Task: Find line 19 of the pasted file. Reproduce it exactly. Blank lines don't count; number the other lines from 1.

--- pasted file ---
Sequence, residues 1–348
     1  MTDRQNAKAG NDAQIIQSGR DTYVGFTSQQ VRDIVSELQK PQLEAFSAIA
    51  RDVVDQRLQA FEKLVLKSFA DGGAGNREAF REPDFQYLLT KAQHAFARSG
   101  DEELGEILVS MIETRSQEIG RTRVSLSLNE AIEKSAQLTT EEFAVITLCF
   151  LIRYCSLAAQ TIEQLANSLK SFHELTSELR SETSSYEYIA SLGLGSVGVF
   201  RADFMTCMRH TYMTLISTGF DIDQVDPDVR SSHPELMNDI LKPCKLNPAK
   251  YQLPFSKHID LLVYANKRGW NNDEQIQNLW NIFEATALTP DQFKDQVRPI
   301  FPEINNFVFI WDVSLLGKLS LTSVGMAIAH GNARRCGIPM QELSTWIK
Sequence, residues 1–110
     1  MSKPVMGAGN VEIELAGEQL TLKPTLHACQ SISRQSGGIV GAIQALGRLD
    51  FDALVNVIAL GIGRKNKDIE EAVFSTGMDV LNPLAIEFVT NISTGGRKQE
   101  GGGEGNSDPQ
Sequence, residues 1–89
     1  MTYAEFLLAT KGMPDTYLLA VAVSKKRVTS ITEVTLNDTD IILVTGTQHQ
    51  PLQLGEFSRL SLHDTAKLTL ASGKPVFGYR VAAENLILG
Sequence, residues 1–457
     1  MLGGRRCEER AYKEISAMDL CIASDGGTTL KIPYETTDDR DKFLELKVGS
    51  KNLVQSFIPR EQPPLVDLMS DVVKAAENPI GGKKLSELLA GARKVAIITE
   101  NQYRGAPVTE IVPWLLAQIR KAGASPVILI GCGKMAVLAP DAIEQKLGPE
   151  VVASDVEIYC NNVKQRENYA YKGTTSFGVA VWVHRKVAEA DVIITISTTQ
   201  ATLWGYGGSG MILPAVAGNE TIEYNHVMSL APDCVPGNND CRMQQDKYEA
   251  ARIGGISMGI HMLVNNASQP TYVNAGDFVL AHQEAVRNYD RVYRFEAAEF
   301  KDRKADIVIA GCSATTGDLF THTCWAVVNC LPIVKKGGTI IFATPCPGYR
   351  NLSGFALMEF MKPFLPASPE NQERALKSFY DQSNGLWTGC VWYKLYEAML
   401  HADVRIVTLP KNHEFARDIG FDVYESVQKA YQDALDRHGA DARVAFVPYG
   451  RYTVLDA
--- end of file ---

   101  NQYRGAPVTE IVPWLLAQIR KAGASPVILI GCGKMAVLAP DAIEQKLGPE